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Charles H. Martin. As cashier of the Central Exchange Bank of Woodward, the judicial center of the county of the same name, Mr. Martin is to be consistently designated as one of the representative business men and progressive and loyal citizens of this thriving community, where his circle of friends is coincident with that of his acquaintances. That he has exemplified most effectively the vital spirit of the West is but natural, for he has passed his life thus far in that vigorous section of our national domain and claims the Sunflower state as the place of his nativity.
Mr. Martin was born in the City of Wichita, Kansas, on the 11th of June, 1871, and is a son of Dr. Henry C. and Mary F. (Ferrell) Martin. Doctor Martin was born in the City of Buffalo, New York, and was reared and educated in the old Empire state, where, as a young man, he admirably prepared himself for his chosen profession. He removed to the South prior to the Civil war and there engaged in practice. Upon the inception of the great conflict between the North and South he- was soon called upon to give service as a surgeon in the Confederate army, and he thus served during the entire course of the war, with the Second Louisiana Regiment of Infantry.
In 1869 Doctor Martin proceeded by boat up the Mississippi and Missouri rivers to Westport Landing, a place that was the nucleus of the present metropolis of Kansas City, and from that point he made his way with a wagon and ox team to Wichita, Kansas, this unique journey having represented his wedding tour, and his bride having loyally accompanied him into the Western wilds to establish a “honeymoon home” that should be of enduring order and prove the center of their devoted interests for many years. Doctor Martin entered claim to a tract of government land in Sedgwick County and in addition to giving his supervision to its reclamation and improvement he engaged in the practice of his profession at Wichita, which was then a mere frontier village and in which he has had the distinction of being the first resident physician and surgeon. The doctor became one of the most influential and honored pioneer citizens of that section of the Sunflower state, and had much to do with the shaping of public affairs in his home city and county during those early days. In 1878 he removed with his family to Harper County, Kansas, where he became one of the organizers of the county, where he developed a large practice as a physician and where he accumulated a large and valuable estate. He was a democrat in his political allegiance and both he and his wife were zealous communicants of the Catholic Church. Doctor Martin passed the closing years of a long and useful life at Harper, Kansas, where he died on the 20th of May, 1902, his birth having occurred in the year 1845.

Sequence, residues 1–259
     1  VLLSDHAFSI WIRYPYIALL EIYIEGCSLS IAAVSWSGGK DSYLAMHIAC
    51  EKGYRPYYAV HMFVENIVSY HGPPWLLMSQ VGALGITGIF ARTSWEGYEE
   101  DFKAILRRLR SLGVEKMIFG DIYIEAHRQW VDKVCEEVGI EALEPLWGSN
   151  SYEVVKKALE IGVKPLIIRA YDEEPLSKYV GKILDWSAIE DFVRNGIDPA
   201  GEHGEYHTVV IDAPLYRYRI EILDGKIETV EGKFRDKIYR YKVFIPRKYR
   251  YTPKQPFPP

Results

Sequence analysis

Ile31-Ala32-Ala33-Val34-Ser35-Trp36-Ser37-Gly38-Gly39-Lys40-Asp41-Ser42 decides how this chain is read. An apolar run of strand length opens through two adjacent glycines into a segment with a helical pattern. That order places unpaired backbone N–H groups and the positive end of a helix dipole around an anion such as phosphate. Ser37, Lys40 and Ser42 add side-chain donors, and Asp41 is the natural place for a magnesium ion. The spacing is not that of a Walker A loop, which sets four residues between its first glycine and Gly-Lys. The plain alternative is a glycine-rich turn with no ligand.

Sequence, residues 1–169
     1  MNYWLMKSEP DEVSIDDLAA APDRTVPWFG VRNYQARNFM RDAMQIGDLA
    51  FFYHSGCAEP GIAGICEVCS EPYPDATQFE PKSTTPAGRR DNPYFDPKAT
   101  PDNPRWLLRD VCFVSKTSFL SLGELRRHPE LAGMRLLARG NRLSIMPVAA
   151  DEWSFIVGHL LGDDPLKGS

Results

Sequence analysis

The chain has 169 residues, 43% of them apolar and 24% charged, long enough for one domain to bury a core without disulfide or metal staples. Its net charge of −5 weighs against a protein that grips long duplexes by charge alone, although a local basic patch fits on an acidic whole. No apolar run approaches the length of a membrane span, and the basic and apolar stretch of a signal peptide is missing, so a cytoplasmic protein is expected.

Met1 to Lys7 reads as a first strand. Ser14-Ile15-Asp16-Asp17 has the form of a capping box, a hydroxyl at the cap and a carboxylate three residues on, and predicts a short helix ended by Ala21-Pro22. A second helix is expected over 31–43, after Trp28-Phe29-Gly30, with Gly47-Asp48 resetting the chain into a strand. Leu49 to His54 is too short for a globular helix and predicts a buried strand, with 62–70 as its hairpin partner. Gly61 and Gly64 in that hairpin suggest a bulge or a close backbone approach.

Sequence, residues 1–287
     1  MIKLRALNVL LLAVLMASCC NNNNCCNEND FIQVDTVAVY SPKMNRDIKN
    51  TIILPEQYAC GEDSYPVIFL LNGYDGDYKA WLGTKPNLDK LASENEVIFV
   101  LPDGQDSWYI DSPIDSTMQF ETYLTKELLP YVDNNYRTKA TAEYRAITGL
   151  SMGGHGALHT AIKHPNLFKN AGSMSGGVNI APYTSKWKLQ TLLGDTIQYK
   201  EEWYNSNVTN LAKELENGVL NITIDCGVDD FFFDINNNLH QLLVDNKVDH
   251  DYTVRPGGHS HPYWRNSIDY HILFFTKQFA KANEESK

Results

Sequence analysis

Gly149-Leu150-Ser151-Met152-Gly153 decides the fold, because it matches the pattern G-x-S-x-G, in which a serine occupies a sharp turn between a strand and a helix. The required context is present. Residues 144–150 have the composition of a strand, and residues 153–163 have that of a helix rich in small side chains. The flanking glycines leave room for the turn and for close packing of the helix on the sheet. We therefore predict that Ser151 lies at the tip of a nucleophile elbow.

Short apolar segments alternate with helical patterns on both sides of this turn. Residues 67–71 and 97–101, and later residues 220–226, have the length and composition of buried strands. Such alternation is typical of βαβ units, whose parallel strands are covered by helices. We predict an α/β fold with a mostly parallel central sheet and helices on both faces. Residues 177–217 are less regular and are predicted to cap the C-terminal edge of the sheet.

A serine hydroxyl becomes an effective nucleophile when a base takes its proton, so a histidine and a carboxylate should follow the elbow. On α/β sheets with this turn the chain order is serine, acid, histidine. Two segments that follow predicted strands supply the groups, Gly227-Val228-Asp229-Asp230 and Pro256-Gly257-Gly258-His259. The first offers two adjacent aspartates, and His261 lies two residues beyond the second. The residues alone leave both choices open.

In the City of New Orleans, in 1868, was solemnized the marriage of Doctor Martin to Miss Mary F. Ferrell, who was born in Ireland, in 1845, and who was a child at the time of the family immigration to the United States, her parents having been John and Mary Ferrell, both representatives of staunch old Irish stock. Mrs. Martin still survives her honored husband and continues to maintain her home at Harper, Kansas. Of the six children, two died in infancy and of the four surviving the subject of this review is next to the oldest; two of the others, Emiel J. and Helen M., are still residents of Harper, Kansas, and William J. resides in Fairfax, Oklahoma.
Charles H. Martin acquired his preliminary education in the public schools of Harper, Kansas, and his higher academic education was obtained in St. Francis College, at Osage Mission, that state. After leaving college Mr. Martin passed eleven years in the State of Montana and other sections of the Northwest, where he gave his attention to mining enterprise and to the cattle industry on the great ranges of that section.
In the year 1905 Mr. Martin established his residence at Woodward, Oklahoma Territory, where he purchased an interest in the Central Exchange Bank, of which he was elected vice president. In 1907, the year that marked the admission of Oklahoma to the Union, he became cashier of the institution, and as the incumbent of this office he has since continued the executive head of the bank, which has become under his effective administration one of the strong and popular financial institutions of Western Oklahoma. The Central Exchange Bank was established in 1904 and its affairs have been ordered along conservative and yet progressive lines, so that it wields large influence in connection with the furtherance and maintenance of general prosperity in the community which it serves. Mr. Martin is interested in banks at May, Moreland, Sharon and Gray, Oklahoma. He is liberal and loyal in his support of measures and enterprises tending to advance civic and material progress and prosperity and is one of the leading business men and popular citizens of Woodward County. He still permits his name to be enrolled upon the list of eligible bachelors.